This book takes a body of ethnographic data collected in 2001-2, during a year's fieldwork at the Bank of Scotland (BoS) and HBOS, and revisits it from the perspective of the 2014-16 period. It explores the tension between the 'ethnographic present' of the author's original research and the unavoidable alteration of perspective on that data that the economic crisis has created. The original research had been planned to take place in the BoS but in 2001, before the research began, BoS had merged with the Halifax to form HBOS. The book provides a long-term historical perspective on BoS/HBOS, from inception to the 2008 financial crisis, and then a consideration of the nature of historical explanation, under the rubric of 'theory'. The main attempts to explain the proximate causes of the 2008 crisis, as well as more encompassing political economic arguments about the trajectory and dynamics of capitalism are examined. The concept of 'culture' as applied to both national groups, Scots and English, and organizations, BoS and Halifax, are also dealt with. The book examines other governing concepts such as organisational change in the business world and social change, identity and the way Scottish and English experience their own personhood, and comparative nature of ethnographic research. The conclusion reviews and draws together the themes of the book, returning to the overarching question of historical perspective and explanation.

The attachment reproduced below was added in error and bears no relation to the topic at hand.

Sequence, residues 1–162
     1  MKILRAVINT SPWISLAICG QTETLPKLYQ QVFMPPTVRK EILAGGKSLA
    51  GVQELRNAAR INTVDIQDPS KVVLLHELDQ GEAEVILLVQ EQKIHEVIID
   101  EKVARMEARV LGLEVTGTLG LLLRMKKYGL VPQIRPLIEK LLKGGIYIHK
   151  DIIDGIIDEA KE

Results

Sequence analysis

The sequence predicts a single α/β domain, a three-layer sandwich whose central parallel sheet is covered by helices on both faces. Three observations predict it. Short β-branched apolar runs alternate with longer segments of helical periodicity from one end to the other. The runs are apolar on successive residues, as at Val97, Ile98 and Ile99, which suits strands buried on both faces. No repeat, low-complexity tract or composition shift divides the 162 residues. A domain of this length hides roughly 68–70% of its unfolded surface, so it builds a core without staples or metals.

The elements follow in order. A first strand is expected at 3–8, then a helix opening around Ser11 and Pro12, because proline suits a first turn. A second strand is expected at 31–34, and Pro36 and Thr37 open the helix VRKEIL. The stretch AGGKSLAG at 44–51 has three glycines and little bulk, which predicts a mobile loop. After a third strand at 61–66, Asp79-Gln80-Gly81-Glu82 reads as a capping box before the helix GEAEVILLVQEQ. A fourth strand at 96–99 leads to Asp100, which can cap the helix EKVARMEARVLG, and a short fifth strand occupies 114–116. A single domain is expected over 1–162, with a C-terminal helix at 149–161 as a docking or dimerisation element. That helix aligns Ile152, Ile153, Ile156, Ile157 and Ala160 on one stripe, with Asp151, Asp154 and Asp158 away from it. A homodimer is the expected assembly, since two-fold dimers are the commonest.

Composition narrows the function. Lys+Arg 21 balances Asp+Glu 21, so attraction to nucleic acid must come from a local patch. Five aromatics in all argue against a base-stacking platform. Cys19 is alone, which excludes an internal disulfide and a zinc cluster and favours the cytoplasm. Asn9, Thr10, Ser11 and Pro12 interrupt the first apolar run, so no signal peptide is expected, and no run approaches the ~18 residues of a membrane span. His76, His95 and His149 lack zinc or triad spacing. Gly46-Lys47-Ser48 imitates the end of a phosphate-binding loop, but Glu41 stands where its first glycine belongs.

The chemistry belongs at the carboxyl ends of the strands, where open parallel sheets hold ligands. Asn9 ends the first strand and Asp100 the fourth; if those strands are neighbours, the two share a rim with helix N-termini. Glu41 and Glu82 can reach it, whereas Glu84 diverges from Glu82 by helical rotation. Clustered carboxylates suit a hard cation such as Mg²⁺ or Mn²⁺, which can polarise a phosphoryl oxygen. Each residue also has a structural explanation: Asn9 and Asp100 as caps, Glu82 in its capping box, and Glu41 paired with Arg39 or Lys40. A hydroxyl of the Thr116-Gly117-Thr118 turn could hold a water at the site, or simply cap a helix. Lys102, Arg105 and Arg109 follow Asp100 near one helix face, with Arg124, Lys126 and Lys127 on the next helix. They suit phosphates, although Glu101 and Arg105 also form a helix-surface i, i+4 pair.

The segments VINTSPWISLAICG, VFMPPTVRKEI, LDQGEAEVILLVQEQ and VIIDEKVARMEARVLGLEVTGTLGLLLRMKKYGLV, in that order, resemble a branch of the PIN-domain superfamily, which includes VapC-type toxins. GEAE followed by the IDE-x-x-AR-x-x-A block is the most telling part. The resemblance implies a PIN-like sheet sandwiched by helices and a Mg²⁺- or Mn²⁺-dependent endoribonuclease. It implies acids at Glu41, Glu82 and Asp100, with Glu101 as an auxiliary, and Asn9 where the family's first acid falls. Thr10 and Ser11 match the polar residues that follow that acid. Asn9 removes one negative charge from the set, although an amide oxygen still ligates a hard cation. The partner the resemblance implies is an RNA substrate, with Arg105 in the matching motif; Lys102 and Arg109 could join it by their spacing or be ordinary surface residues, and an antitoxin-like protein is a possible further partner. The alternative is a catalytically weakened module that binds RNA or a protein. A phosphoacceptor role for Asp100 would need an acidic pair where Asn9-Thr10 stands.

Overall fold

( Inter-sector Coordination Group, 2018 ; UNHCR, CARE and ActionAid, 2020 ), as if disempowerment is the norm. Such narratives are linked to what Fluri (2012) calls the ‘bargain with capitalism’, which assumes that economic empowerment will increase women’s agency and voice (38). Based on ethnographic data (outlined below) from Syrian refugees in Jordan as well as interviews with local and international humanitarian practitioners, this paper
7 Comparison: doing ethnography and thinking comparatively The concept of comparison that shapes this chapter functions somewhat differently from the concepts organising the previous three chapters (culture, change and identity). Those served as analytic lenses to bring out particular dimensions of the data. Comparison here is primarily a matter of relating the ethnographic data to other experiences which lie beyond that research. I am using comparison to draw out further themes from the data, and to revisit some we have already explored, but also to pull back